BEST BUDDIES: Triathlon star Mhlengi Gwala feels the hand of support from his friend, Sandile Shange, as he recovers from a powersaw attack during an early morning ride near Howard College. Picture: Sibonelo Ngcobo/African News Agency (ANA)
Triathlon star Mhlengi Gwala’s attackers spoke a language he did not understand when they lay into his leg with a saw.

“It was a funny language. I didn’t hear the words. They were not speaking isiZulu,” he said from his bed at Durban’s Netcare St Augustine’s Hospital yesterday.

It’s not far from where the horrific assault took place, near the University of KwaZulu-Natal’s Howard College campus. He recalled it was an African language.

“I didn’t understand (them) but I’m still confused.”

Although he did not recall their exact words, he remembered how they tore into his legs.

“They cut me and then the one who was cutting stopped and then he went to look (at something). I don’t know what he was checking. But then he came back and said (to the others), ‘let’s go,’ and then they ran away.”

Cut to the bone, Gwala lay on the roadside in agony. His attackers took none of his possessions, though he offered them his bike, phone and watch.

The gruesome attack unfolded at about 3am on Tuesday in Rick Turner (Francois Road), Durban, while Gwala was on his way to meet fellow cyclist and best mate Sandile Shange down the hill at King Edward Hospital, less than 3km away.

The two are triathlon athletes and work together as lifeguards.

After his assailants fled, he reached for his phone. “I tried to phone the police or Sandile, or I tried to phone the police and then I called Sandile,” Gwala said.

When the police failed to respond, Gwala decided he would have to take the next step to get help.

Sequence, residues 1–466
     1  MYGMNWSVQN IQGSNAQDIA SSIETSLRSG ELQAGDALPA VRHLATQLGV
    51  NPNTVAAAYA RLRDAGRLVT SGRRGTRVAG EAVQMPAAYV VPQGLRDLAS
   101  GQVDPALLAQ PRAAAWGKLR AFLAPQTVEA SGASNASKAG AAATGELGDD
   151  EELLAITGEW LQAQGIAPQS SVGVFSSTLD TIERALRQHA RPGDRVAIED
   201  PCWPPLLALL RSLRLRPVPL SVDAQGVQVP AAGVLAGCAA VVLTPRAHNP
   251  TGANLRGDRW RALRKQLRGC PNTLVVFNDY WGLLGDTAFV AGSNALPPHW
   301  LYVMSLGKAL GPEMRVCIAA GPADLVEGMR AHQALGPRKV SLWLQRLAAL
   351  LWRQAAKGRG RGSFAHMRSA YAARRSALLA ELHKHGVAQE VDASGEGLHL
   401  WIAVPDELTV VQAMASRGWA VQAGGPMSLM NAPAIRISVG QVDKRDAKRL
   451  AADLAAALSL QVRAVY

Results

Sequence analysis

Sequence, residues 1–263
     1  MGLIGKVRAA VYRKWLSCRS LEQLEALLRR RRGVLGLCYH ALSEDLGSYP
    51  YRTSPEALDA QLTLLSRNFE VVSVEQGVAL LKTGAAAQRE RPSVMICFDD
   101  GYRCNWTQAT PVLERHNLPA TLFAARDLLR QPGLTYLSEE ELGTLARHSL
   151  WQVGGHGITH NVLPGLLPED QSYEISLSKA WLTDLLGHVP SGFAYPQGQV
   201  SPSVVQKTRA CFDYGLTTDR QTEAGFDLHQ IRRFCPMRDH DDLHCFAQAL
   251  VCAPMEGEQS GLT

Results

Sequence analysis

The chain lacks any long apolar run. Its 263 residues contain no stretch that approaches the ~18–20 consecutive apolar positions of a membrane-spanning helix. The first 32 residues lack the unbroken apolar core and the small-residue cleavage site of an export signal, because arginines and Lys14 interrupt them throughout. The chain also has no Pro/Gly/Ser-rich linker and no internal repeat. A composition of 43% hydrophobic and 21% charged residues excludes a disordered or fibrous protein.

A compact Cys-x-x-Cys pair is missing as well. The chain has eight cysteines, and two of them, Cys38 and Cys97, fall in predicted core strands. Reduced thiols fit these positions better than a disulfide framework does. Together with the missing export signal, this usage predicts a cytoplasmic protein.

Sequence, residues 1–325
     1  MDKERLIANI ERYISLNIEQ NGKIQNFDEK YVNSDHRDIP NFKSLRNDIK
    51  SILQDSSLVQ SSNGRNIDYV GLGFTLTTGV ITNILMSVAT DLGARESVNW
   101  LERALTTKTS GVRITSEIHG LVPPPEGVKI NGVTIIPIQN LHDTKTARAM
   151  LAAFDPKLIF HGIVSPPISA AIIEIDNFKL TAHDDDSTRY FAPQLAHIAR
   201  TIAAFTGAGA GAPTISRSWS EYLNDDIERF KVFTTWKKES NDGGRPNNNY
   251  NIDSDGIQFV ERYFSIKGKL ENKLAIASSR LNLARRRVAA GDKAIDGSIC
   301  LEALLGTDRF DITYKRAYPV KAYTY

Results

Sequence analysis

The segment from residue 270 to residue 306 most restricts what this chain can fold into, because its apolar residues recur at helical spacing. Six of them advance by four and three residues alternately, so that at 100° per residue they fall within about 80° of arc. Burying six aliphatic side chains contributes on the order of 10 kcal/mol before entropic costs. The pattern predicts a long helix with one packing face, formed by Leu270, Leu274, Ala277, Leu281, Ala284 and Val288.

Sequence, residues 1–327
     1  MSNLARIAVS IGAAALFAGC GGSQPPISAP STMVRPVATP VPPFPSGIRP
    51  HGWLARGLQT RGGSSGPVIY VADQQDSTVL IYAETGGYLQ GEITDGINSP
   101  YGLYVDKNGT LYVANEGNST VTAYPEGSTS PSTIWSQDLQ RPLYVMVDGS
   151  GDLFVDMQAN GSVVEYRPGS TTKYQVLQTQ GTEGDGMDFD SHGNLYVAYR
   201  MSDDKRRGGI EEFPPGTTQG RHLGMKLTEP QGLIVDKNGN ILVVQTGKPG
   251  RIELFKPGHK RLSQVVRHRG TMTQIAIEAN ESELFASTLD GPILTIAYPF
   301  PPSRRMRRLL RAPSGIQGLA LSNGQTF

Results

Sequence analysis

“I decided that I had to crawl with this one leg to the road. Some security guards (from Fidelity) stopped their cars and I told the guy, ‘take me to hospital’. They took me straight to Albert Luthuli Hospital.”

He was then transferred to Netcare St Augustine’s Hospital where he underwent surgery.

Gwala was still in pain but improving.

Police spokesperson Captain Nqobile Gwala couldn’t divulge any details of the investigation as they were at a sensitive stage.

However, she appealed to anyone who might have information to report it to any police station or to call Crime Stop on 086010111.

Last night, Netcare was unable to offer comment on Gwala’s prognosis, however, doctors said that his recovery could take up to 18 months.

Earlier yesterday, fund-raisers from across the world passed the R500000 target they had set to help Gwala. Donations ranged from R20 to R5000.

In addition to a visit from Sports and Recreation Minister Toko Xasa, Gwala had a stream of friends and family popping in to his private ward with a view overlooking Durban harbour.

Among them were his sister Snengosi Gwala and fellow triathletes, brothers Raymond and Hlelani Radebe and Smiso Dlamini. “We’ll be supporting him,” said Raymond.

Xasa, who condemned the attack, said it was “inhumane to treat the budding athlete in that manner”.

The attack had caused pain not only to the athlete, but it also threatened to jeopardise his international career. Xasa urged police to leave “no stone unturned” in their investigation.

The minister also urged South Africans to be vigilant when exercising on roads, especially when they were alone.